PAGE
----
While the secrecy involved in Air Force flights has protected the service from the kind of notoriety dogging the National Aeronautics and Space Administration over the shuttle's assorted difficulties, the service has also had problems launching satellites.
Last August, for example, a secret KH11 photo-intelligence satellite, said to be worth nearly $800 million, was lost in the explosion of an Air Force Titan 34D booster rocket carrying it into orbit from Vandenberg Air Force Base, Calif., according to congressional and military sources.
A four-month Air Force accident investigation, according to sources, failed to pinpoint the cause of the explosion. As a result, all the remaining Titan 34D missiles were reexamined, but remained certified for use.
"The rocket business is an imperfect one," a top former Pentagon scientist said recently. "Some satellites are going to be lost."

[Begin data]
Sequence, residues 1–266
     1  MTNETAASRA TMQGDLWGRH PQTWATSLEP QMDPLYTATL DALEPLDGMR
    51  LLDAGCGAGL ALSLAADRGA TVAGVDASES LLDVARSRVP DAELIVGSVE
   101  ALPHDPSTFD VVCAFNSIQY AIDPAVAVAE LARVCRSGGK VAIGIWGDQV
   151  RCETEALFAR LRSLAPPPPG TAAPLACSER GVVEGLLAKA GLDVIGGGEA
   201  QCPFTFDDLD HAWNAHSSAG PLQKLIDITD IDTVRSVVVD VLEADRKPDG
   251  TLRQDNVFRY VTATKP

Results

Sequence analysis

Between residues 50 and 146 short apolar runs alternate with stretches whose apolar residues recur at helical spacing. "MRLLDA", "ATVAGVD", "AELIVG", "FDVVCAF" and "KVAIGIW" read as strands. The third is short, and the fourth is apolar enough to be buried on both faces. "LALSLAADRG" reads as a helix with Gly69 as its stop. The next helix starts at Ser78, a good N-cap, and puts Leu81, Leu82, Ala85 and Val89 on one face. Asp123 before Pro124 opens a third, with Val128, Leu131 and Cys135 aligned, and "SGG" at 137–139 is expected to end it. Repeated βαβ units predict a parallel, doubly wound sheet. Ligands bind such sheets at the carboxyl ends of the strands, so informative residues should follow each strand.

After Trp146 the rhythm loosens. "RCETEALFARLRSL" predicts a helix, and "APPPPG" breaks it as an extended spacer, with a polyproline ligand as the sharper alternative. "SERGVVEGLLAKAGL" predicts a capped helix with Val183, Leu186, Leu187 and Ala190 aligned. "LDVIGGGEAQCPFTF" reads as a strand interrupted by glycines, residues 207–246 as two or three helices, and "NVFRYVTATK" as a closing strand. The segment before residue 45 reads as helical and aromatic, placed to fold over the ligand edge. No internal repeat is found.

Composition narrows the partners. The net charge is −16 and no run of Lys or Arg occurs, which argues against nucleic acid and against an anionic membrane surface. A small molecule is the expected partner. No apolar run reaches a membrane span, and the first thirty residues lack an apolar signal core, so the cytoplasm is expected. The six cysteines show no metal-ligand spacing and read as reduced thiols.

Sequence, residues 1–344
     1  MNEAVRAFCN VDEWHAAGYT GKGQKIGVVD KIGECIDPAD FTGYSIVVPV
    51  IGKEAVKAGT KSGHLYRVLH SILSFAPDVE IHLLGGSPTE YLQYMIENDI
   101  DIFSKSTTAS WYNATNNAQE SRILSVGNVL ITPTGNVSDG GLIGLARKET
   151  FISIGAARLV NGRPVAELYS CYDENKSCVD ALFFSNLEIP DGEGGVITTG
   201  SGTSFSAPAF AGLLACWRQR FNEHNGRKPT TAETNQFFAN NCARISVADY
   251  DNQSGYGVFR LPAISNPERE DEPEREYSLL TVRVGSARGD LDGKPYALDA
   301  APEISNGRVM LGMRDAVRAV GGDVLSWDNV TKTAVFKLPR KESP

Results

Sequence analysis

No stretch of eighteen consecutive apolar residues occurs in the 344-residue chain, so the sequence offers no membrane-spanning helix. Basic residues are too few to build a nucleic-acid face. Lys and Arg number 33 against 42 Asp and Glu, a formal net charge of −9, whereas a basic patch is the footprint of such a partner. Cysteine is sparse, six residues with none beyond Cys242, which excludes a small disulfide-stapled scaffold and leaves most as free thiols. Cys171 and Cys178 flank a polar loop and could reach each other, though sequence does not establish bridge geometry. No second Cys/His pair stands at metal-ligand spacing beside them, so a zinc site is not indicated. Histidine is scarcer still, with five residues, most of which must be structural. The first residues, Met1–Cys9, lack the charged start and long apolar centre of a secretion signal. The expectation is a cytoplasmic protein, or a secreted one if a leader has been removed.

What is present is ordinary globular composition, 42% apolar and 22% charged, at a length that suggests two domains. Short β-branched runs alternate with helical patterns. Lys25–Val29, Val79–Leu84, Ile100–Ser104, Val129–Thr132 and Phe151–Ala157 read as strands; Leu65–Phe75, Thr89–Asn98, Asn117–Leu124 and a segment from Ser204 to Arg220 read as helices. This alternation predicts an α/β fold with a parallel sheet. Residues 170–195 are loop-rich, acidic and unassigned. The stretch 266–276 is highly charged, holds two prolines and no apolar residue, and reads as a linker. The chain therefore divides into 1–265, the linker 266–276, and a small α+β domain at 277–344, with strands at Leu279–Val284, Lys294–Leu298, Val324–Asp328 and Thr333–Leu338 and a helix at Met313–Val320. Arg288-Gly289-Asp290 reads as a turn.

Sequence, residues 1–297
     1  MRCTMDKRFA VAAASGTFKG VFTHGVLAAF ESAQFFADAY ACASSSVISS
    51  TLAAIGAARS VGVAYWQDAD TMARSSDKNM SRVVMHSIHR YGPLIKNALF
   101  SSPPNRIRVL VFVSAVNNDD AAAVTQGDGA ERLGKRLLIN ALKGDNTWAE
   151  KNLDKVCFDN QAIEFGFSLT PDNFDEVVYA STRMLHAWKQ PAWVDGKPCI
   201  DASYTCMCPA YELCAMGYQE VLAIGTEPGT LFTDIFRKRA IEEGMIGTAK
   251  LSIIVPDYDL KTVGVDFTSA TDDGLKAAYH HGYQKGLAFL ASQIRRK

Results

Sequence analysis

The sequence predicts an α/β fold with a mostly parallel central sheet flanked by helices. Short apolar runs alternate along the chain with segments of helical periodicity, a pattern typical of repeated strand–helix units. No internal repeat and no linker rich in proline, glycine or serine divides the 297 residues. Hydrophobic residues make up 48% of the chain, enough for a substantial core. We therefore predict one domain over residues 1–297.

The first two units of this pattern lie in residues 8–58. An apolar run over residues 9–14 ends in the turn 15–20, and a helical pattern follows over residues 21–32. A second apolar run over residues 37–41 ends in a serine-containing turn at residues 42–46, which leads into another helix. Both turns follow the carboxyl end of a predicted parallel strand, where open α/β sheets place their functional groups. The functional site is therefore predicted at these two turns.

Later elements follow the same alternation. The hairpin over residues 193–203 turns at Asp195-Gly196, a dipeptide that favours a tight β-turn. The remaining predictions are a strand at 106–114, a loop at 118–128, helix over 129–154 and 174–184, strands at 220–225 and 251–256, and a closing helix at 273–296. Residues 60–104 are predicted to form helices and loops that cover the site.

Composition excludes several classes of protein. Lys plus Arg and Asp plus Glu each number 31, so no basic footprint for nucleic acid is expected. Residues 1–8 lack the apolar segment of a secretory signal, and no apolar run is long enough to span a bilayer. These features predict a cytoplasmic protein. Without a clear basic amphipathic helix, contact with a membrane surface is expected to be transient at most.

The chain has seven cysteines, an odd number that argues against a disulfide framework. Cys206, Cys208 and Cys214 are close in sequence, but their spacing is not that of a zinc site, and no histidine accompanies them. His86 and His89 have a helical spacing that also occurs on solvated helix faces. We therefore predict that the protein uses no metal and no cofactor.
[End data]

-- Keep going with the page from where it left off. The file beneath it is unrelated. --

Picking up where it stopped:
The Atlas and Titan 34D launchers, according to this source, have been running at about 85 percent reliability. The National Aeronautics and Space Administration's Delta rocket, which has a record of 94 percent reliability, is considered exceptional.
The KH11 satellite is able to maneuver over the Soviet Union and take clear pictures of small objects on Earth. It orbits as high as 300 miles above the surface and beams back high-quality television pictures, as well as other data.
The first in a series of KH11s was launched in late 1976. At present there is one in space, sources said. The KH11 that was destroyed on launch last year was supposed to be the last of the system, but one source said a spare is being modified into an operational satellite to replace the one that was destroyed.